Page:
Lack of advancement opportunities leads employees to find alternatives
By Mario Cywinski | January 22, 2009
Employees, who do not see any room for advancement at their current job, are likely to look elsewhere for opportunities, according to a recent survey.
One in three employees quit their jobs if they don’t see promotion opportunities, a further 31 per cent quit because they are unhappy with management, while 17 per cent feel they are not recognized, a survey of senior executives by Robert Half International found.
Only eight per cent of executives believe inadequate salary and benefits are a factor in good employees leaving, six per cent feel it is a result of being bored at their current job.
"Helping top performers reach their professional goals is essential to retaining them," said Michael Gooley, branch manager for Robert Half International's Toronto operations. "If the current business environment is hindering the ability to offer a promotion, managers may consider rewarding high-potential employees with professional development opportunities and projects to help expand their skill sets."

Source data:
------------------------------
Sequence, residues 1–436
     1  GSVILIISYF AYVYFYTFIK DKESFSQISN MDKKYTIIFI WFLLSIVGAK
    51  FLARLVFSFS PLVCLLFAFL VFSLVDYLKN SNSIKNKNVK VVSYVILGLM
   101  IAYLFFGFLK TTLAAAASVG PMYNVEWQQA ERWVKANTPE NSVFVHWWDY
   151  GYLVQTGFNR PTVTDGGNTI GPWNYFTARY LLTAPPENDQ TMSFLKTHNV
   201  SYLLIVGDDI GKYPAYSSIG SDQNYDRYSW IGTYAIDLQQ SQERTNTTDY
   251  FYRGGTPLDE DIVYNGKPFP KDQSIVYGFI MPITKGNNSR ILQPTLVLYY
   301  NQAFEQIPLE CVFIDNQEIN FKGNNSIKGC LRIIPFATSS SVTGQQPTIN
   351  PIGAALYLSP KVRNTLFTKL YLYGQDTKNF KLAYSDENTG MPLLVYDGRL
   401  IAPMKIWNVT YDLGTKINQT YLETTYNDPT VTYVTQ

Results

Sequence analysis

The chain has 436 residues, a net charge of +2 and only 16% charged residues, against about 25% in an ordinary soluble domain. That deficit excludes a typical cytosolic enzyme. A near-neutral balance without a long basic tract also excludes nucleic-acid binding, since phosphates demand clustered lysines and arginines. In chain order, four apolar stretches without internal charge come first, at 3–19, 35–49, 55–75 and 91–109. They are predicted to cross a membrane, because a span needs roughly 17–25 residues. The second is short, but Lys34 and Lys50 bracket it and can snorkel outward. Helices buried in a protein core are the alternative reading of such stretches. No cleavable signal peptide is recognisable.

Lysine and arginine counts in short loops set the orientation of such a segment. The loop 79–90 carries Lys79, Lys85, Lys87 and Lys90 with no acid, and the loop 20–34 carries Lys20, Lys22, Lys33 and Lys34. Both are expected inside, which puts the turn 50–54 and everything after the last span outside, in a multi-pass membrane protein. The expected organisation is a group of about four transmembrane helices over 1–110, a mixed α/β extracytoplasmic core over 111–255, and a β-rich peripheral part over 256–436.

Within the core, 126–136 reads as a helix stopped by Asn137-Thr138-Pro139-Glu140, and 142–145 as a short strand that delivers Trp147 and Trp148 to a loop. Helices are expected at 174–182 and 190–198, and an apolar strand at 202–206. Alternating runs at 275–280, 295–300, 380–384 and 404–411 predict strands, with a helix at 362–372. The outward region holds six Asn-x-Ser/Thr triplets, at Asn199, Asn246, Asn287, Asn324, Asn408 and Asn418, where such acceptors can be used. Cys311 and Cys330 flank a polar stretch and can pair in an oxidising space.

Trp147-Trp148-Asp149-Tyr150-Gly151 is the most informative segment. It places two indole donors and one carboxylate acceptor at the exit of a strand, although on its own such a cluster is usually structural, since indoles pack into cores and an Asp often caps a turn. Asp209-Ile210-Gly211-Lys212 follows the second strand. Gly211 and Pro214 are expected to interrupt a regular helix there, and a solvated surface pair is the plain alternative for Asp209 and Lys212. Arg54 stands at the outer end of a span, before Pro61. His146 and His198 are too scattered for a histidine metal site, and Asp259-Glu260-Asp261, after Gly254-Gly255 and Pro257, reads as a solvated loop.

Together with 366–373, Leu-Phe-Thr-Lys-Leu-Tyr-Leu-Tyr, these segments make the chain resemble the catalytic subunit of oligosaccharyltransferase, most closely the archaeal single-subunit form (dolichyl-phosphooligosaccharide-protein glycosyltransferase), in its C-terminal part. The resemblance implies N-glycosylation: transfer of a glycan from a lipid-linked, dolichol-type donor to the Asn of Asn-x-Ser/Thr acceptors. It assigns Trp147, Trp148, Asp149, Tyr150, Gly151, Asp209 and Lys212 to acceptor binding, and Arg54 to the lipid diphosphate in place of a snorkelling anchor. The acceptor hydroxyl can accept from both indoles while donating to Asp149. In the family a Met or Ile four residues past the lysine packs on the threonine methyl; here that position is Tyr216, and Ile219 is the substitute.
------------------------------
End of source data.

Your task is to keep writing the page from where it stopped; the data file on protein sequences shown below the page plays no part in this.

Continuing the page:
Many unhappy employees will display signs that they may be looking for a way out. These can be seen as red flags to an employer.
They include: a change in an employees attitude, usually from enthusiastic to indifferent; more personal days are taken, lunch breaks are extended; drop in level of work from a conscientious employee, more errors, missed deadlines; change in work attire, from business casual to suits; and a drop in productivity.
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